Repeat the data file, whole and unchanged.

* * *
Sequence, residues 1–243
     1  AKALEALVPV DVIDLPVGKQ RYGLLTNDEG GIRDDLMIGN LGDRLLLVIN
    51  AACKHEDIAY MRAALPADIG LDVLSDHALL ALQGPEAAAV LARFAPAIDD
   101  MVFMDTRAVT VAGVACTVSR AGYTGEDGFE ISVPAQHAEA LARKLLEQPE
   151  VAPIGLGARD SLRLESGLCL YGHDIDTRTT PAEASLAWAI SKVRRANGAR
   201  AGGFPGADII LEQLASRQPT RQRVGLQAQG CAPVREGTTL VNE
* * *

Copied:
Sequence, residues 1–243
     1  AKALEALVPV DVIDLPVGKQ RYGLLTNDEG GIRDDLMIGN LGDRLLLVIN
    51  AACKHEDIAY MRAALPADIG LDVLSDHALL ALQGPEAAAV LARFAPAIDD
   101  MVFMDTRAVT VAGVACTVSR AGYTGEDGFE ISVPAQHAEA LARKLLEQPE
   151  VAPIGLGARD SLRLESGLCL YGHDIDTRTT PAEASLAWAI SKVRRANGAR
   201  AGGFPGADII LEQLASRQPT RQRVGLQAQG CAPVREGTTL VNE